Tech Insights: When Does HR Need to Get Involved In Sustainability?

Sustainability reporting sits at the edge of the world of HR.

Issues like diversity land squarely into HR’s domain, whereas issues like child labor have an HR component but are more a matter of law and governance.

Sustainability matters to me as an HR professional because the sustainability movement has made a lot more progress in pushing forward non-financial reporting, and human capital reporting is following along in its wake.

Even companies that are not public corporations and who may have no special interest in sustainability are being pushed to report on their sustainability initiatives.

A much bigger push for some

One push comes from the damage to reputation that comes from seeming not to care about the public interest. However, there is a much, much bigger push for some: Large companies feel responsibility to their supply chain, and hence, demand that suppliers disclose their sustainability activities and outcomes.

It is not clear where a request for a report on sustainability will land in a small or mid-sized company. Perhaps it will show up on the desk of the CFO or the head of sales or the CEO, but one way or another, those parts of the report dealing with HR issues will eventually land on the desk of the head of HR.

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I imagine hearing a sigh from HR leaders because no matter how much they support sustainability this is yet another demand on their time and budget. Furthermore it’s likely an area where they have limited experience.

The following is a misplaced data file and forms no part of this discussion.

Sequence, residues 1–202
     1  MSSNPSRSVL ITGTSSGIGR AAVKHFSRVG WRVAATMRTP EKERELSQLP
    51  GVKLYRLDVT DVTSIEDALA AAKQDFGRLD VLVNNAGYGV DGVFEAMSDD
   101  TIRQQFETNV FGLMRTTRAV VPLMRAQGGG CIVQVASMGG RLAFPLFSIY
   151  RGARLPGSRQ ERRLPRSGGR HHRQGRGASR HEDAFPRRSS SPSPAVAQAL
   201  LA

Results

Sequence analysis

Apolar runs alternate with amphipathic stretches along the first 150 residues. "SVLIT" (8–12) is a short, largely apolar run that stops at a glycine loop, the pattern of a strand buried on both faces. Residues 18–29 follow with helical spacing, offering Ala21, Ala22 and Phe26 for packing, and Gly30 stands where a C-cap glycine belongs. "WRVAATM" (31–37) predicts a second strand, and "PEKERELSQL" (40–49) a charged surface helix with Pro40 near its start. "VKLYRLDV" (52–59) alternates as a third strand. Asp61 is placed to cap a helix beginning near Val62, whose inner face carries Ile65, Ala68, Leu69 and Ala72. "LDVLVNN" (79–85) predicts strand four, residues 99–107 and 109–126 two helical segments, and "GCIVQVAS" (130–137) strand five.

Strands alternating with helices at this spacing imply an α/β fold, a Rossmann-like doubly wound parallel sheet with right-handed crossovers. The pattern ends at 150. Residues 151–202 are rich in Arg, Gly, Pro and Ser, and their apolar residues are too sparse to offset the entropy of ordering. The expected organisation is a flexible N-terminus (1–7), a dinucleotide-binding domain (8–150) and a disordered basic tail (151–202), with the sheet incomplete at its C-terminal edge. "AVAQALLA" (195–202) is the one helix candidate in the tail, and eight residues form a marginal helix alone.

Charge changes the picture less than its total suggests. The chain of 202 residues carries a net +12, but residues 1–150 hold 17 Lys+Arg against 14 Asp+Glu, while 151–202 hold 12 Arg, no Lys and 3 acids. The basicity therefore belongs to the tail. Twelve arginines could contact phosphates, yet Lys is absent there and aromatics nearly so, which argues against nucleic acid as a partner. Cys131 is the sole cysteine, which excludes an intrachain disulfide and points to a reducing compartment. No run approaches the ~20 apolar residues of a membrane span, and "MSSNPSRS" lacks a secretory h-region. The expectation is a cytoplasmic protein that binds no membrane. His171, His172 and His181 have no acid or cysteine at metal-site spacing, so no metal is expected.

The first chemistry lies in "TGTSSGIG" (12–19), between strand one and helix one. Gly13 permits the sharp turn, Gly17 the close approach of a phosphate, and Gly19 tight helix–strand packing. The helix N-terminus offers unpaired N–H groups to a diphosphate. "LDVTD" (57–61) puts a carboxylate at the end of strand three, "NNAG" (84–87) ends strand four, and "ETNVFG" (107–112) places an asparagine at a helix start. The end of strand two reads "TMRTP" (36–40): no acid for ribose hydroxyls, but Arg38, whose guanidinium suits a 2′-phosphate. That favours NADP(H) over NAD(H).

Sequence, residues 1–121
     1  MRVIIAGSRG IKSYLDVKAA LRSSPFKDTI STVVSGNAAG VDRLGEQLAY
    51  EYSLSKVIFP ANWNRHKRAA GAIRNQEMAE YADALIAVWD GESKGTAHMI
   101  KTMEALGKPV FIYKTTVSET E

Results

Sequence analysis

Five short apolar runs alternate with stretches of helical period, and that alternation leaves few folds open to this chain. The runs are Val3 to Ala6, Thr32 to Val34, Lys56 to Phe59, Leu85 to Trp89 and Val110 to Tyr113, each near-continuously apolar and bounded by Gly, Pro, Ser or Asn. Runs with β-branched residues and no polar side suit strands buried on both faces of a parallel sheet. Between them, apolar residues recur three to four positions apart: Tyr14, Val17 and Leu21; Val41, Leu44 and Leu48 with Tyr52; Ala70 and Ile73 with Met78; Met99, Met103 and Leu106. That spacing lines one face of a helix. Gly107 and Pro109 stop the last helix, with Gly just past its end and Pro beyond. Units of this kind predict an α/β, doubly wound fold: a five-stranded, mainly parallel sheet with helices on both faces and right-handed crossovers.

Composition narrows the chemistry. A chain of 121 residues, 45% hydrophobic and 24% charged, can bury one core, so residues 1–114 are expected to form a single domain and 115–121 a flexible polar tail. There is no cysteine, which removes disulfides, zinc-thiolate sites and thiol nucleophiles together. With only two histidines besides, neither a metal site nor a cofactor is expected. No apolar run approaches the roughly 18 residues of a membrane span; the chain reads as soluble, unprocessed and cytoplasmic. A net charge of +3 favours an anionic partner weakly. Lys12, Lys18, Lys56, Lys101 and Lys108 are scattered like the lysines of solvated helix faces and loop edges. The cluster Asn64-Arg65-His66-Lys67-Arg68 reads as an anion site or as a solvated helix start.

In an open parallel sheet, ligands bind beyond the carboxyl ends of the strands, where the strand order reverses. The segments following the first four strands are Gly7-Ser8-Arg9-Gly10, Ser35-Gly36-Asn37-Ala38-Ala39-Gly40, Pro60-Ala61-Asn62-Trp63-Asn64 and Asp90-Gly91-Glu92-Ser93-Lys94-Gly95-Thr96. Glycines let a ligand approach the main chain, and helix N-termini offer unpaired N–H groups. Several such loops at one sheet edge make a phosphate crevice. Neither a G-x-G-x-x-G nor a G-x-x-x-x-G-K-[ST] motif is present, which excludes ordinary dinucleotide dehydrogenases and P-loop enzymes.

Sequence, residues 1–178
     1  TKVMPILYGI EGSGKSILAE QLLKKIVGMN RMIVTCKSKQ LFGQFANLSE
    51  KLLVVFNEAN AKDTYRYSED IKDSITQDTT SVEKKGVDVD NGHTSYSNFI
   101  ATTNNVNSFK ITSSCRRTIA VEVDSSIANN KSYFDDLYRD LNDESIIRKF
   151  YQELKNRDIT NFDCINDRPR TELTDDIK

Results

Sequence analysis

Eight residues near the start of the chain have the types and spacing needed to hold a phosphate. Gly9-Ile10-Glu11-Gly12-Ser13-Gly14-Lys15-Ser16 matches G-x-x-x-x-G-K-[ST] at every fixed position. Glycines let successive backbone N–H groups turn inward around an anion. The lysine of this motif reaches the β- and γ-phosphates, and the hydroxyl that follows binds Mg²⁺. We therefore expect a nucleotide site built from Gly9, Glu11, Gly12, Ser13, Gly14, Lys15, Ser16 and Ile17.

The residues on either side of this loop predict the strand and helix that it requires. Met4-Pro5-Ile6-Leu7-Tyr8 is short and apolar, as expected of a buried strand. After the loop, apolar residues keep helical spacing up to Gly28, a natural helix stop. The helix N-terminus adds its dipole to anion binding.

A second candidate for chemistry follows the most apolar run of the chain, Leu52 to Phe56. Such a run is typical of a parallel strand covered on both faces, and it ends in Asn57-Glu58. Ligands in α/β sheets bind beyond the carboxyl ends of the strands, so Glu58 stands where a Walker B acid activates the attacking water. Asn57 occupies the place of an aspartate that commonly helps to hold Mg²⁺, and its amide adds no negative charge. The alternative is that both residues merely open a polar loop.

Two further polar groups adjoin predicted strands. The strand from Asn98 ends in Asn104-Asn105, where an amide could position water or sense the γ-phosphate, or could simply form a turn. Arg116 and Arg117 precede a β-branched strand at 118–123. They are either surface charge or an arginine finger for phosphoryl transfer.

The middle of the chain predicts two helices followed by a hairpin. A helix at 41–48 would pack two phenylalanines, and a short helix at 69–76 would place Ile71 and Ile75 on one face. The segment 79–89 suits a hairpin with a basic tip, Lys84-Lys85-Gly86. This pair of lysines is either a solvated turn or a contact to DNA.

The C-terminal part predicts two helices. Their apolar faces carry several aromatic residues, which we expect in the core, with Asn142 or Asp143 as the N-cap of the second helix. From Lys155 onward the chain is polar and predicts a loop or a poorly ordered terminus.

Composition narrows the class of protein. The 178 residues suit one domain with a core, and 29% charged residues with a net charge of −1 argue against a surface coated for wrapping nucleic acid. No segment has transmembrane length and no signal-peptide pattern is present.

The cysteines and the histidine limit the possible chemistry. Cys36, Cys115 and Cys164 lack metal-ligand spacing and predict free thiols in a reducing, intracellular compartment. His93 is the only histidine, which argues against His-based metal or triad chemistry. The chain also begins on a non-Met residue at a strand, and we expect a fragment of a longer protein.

Is it time to call in the consultants? Perhaps not. A well-designed website can go a long way towards guiding HR leaders on how to launch sustainability initiatives and report on them (see Sustrana.com, now open to beta testers).

In the case of Sustrana the most important feature is the rich content, but add in roadmaps, some consulting advice and a few tools and suddenly you may find that you have all you need to get the job done. With the right tools, sustainability isn’t as hard as we may have feared.

What is interesting?

  • It is interesting to see how much a product like Sustrana is a labor of love. We tend to think of business in commercial terms, but in fact much of what I see in HR technology start-ups is driven by a passion that goes deeper than a desire to make money.

What is really important?

  • “How to” books are an old technology, and an enduring one. However, when we take the how-to approach to the web, with all the potential power of technology to make something much smarter than a book, we approach a point where it can begin to edge out work that would have formerly been done by a consultant.

David Creelman, CEO of Creelman Research, is a globally recognized thinker on people analytics and talent management. Some of his more interesting projects included:

  • Conducted workshops around the world on the practical aspects of people analytics
  • Took business leaders from Japan’s Recruit Co. on a tour of US tech companies (Recruit eventually bought Indeed.com for $1 billion)
  • Studied the relationship between Boards and HR (won Walker Award)
  • Spoke at the World Bank in Paris on HR reporting
  • Co-authored Lead the Work: Navigating a world beyond employment with John Boudreau and Ravin Jesuthasan. The book was endorsed by the CHROs of IBM, LinkedIn and Starbucks.
  • Worked with Dr. Wanda Wallace on “Leading when you are not the expert” which topped the “Most Popular List” on the Harvard Business Review’s blog.
  • Worked with Dr. Henry Mintzberg on peer coaching, David’s learning modules are among the most popular topics.

Currently David is helping organizations to get on-track with people analytics.

This work led to him being made a Fellow for the Centre of Evidence-based Management (Netherlands) for his contributions to the field.

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